I have separate feed pages set up to follow media and language blogs, and was amused to see The New York Times pissing off both camps earlier this week.
The cause was a review by Kelefa Sanneh of a show by the Toronto band “Fucked Up,” which the Times decided to print as “********”.
Language Log, Languagehat and mediabistro were all full of sturm und drang over the asterisks, for reasons that didn’t make sense to me. Language Log seems to think the Times is being inconsistent, because they once printed the word “shit” when quoting a verbal attack on Eliot Spitzer’s dad. But a dispute involving public figures should be treated differently than punk music reviews. I think both punks and politicians would agree on that. Mediabistro, too, harps on “glaring inconsistencies.” Languagehat calls it “absurd censorship,” without giving a reason. With all due respect to Lenny Bruce, it’s been a while since you were striking a blow against censorship by saying the word “fuck.” While the Languagehat post is terse and unenlightening, the comments on it are far more thoughtful, and worth reading.
I love that The Gray Lady is doing such great things with digital media, and that they seem to be shedding their fear of the future. But the Times should always retain an element of old fashioned propriety, for nostalgia purposes if no other. It should always have a slight Man Men air about it, and holding itself to outdated standards of propriety is a fine way to accomplish that.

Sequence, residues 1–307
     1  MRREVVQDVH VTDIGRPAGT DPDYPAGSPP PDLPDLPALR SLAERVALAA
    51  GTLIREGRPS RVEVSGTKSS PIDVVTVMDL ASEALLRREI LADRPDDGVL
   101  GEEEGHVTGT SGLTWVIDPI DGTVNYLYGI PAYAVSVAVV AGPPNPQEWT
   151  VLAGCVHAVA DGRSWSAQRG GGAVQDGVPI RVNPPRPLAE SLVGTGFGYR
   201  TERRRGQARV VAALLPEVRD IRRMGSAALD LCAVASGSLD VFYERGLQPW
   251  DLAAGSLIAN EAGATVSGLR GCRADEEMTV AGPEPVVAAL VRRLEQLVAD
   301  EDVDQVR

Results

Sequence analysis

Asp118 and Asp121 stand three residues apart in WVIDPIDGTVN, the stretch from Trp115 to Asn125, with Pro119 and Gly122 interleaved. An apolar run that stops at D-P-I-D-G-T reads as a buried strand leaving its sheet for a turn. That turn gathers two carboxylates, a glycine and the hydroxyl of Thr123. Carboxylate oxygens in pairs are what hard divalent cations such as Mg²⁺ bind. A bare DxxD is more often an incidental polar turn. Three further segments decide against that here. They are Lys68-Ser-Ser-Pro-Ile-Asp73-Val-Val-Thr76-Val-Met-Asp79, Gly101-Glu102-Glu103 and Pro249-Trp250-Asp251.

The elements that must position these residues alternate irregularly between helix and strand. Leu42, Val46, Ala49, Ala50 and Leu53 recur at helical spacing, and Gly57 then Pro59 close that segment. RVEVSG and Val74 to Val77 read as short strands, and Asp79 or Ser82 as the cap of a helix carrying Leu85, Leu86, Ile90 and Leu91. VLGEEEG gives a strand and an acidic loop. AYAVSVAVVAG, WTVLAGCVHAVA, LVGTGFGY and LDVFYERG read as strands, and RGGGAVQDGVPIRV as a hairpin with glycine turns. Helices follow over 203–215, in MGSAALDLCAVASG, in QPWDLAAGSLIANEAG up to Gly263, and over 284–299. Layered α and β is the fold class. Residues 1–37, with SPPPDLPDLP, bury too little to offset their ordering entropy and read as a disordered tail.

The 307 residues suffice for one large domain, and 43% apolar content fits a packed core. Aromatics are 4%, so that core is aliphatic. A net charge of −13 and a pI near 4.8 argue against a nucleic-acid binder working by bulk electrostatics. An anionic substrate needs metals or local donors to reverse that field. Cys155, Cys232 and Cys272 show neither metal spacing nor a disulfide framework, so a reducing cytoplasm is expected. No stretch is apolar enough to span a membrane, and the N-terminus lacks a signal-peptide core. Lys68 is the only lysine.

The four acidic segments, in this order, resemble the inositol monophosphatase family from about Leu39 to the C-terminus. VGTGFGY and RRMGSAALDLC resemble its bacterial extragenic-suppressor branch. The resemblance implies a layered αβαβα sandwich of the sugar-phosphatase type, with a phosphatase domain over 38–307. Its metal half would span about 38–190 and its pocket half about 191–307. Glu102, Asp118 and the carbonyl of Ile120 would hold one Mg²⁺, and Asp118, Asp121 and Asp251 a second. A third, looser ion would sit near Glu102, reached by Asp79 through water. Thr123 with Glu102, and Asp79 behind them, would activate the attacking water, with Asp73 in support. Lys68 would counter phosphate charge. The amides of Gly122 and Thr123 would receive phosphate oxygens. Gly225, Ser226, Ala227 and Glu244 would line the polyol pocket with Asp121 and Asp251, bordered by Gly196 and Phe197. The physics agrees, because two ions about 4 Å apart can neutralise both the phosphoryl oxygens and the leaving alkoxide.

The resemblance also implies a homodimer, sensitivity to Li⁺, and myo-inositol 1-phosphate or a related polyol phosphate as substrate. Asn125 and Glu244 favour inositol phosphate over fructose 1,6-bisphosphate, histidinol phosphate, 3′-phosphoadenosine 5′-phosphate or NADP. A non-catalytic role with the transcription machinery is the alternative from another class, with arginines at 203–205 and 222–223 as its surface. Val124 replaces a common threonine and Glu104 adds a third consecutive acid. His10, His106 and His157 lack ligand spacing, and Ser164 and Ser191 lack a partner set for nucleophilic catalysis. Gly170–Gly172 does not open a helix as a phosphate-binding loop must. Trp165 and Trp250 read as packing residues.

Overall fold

And it’s hardly an impediment to good journalism. In fact, the Times writers must love this shit–a little modesty is the perfect setup for fey wordplay and a wink at the reader. Language Log’s own Geoff Nunberg must have thoroughly enjoyed referring to the documentary film Fuck as “the film that dare not speak its name.” Who are we to take this away from him, or the Times writers?
The only criticism that made any sense to me is that it should have been rendered F****D Up, or at least ****** **. In the interests of clarity.